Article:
Improving the quality of the esophagogastroduodenoscopy in Helicobacter pylori-naïve gastric cancer

Article information

Clin Endosc. 2023;56(4):453-454
Publication date (electronic) : 2023 July 10
doi :
Department of Internal Medicine, Seoul St. Mary’s Hospital, College of Medicine, The Catholic University of Korea, Seoul, Korea
Correspondence: Jae Myung Park Department of Internal Medicine, Seoul St. Mary’s Hospital, College of Medicine, The Catholic University of Korea, 222 Banpo-daero, Seocho-gu, Seoul 06591, Korea E-mail:
Received 2023 April 29; Revised 2023 June 9; Accepted 2023 June 12.

Qualified healthcare is essential for improving recipients’ well-being and performing efficient practices. Quality quantification improves patient care and education regarding higher-quality care. Esophagogastroduodenoscopy (EGD) is used for cancer screening and is being increasingly studied as a qualified procedure. However, EGD cannot be sufficiently measured by any single factor.1 Despite this, quality metrics for EGD have not received much attention.

Helicobacter pylori-naïve gastric cancer (HPNGC), rather than H. pylori-associated gastric cancer, has been increasingly detected in recent years. HPNGC was previously uncommon as it usually occurs in patients with hereditary gastric cancer or gastric adenocarcinoma of the fundic gland type.2,3 Since the incidence of H. pylori infection has been decreasing, even in areas where gastric cancer is prevalent, HPNGC occurrence should be considered during endoscopic evaluation.

Ishibashi et al.4 surveyed the number of HPNGC cases detected annually and used a questionnaire to obtain data regarding HPNGC awareness, diagnostic proactiveness, and interest in HPNGC from 712 Japanese endoscopists. Higher HPNGC detection was independently associated with board certification and high awareness and interest scores. In particular, the endoscopists who attended conferences to collect information on HPNGC had a higher level of awareness. Therefore, this report concluded that awareness of the disease and education of endoscopists could improve the detection of HPNGC. This study also showed that the number of years of endoscopic experience was not directly associated with HPNGC detection, consistent with a previous study.5 This indicates the importance of education in improving EGD quality. Since HPNGC is not widely recognized, educational programs should be a prerequisite for high-quality EGD in patients after H. pylori eradication.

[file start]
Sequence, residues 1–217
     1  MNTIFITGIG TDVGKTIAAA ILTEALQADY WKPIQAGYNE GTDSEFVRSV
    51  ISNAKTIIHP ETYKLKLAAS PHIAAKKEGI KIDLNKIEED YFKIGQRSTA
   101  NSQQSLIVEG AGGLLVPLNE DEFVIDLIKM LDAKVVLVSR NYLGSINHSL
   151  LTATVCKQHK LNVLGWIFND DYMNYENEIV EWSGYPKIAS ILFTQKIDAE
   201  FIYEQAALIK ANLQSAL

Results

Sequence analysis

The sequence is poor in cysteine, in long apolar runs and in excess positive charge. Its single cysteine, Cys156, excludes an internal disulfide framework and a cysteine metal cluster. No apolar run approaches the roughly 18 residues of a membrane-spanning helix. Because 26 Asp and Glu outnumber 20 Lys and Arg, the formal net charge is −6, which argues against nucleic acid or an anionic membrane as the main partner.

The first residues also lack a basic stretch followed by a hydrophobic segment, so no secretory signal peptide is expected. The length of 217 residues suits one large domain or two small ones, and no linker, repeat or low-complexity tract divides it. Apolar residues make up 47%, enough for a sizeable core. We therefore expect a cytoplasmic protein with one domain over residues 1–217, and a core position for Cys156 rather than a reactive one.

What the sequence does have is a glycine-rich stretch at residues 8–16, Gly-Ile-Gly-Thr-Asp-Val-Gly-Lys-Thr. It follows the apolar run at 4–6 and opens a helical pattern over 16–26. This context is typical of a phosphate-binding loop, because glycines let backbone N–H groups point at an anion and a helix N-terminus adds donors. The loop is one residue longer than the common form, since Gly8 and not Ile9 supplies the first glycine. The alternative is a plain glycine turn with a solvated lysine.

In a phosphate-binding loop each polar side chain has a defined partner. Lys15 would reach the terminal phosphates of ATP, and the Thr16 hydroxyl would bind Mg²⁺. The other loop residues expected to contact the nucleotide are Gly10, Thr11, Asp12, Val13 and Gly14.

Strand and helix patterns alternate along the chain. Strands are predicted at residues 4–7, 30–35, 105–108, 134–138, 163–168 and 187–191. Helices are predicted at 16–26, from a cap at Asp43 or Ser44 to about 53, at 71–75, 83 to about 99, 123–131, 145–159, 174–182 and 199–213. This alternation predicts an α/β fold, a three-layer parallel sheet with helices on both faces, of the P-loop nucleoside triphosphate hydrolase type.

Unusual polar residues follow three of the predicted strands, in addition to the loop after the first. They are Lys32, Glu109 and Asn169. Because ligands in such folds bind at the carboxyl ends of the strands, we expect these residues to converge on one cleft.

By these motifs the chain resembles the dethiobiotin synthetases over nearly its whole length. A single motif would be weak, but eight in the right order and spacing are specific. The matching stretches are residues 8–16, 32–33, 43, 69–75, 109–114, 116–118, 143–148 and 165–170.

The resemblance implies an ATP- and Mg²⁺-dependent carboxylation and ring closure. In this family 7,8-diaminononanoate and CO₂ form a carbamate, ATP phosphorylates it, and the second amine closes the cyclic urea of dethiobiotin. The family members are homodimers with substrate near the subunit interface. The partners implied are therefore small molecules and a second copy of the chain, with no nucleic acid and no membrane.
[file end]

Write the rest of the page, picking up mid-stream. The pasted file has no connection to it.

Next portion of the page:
The development of measurable components for EGD is crucial. The authors considered the associated factors, board certification, and high awareness and interest scores to be quality indicators for diagnosing HPNGC. However, these two indicators cannot be quantified. Without quantifying quality, there is no way to identify good clinical practice. Furthermore, there was no chance to learn how good clinical practice was provided, resulting in the quality not being upgraded. Therefore, additional quantifiable quality indicators must be developed.

The authors discussed the role of the Endoscopy Society, a Japanese professional organization. Obtaining certification from this society is essential as the endoscopic specialist system operated by this society universally ensures the quality and competency of endoscopists without creating regional disparities. In addition to education, expert committees or endoscopy organizations should play a central role in defining what needs to be characterized for quality measurement and creating tools to collect quality-related factors effectively. Professional organizations should also persuade members to join quality improvement programs, exploit tools to facilitate provider engagement and promote provider training on data-supporting quality metrics.

It has been reported that using antispasmodic and sedative agents, photo documentation, systemic reporting, and sufficient observation times are essential to increase the detection rate of gastric cancer.1 A qualified training program and endoscopist attention should be maintained for high-quality EGD.


Conflicts of Interest

The author has no potential conflicts of interest.




1. Kim SY, Park JM. Quality indicators in esophagogastroduodenoscopy. Clin Endosc 2022;55:319–331.
2. Mi EZ, Mi EZ, di Pietro M, et al. Comparative study of endoscopic surveillance in hereditary diffuse gastric cancer according to CDH1 mutation status. Gastrointest Endosc 2018;87:408–418.
3. Ueyama H, Yao T, Nakashima Y, et al. Gastric adenocarcinoma of fundic gland type (chief cell predominant type): proposal for a new entity of gastric adenocarcinoma. Am J Surg Pathol 2010;34:609–619.
4. Ishibashi F, Hirasawa T, Ueyama H, Minato Y, Suzuki S. Exploring quality indicators for the detection of Helicobacter pylori-naïve gastric cancer: a cross-sectional nationwide survey. Clin Endosc 2023;56:460–469.
5. Park JM, Huo SM, Lee HH, Lee BI, Song HJ, Choi MG. Longer observation time increases proportion of neoplasms detected by esophagogastroduodenoscopy. Gastroenterology 2017;153:460–469.

Article information Continued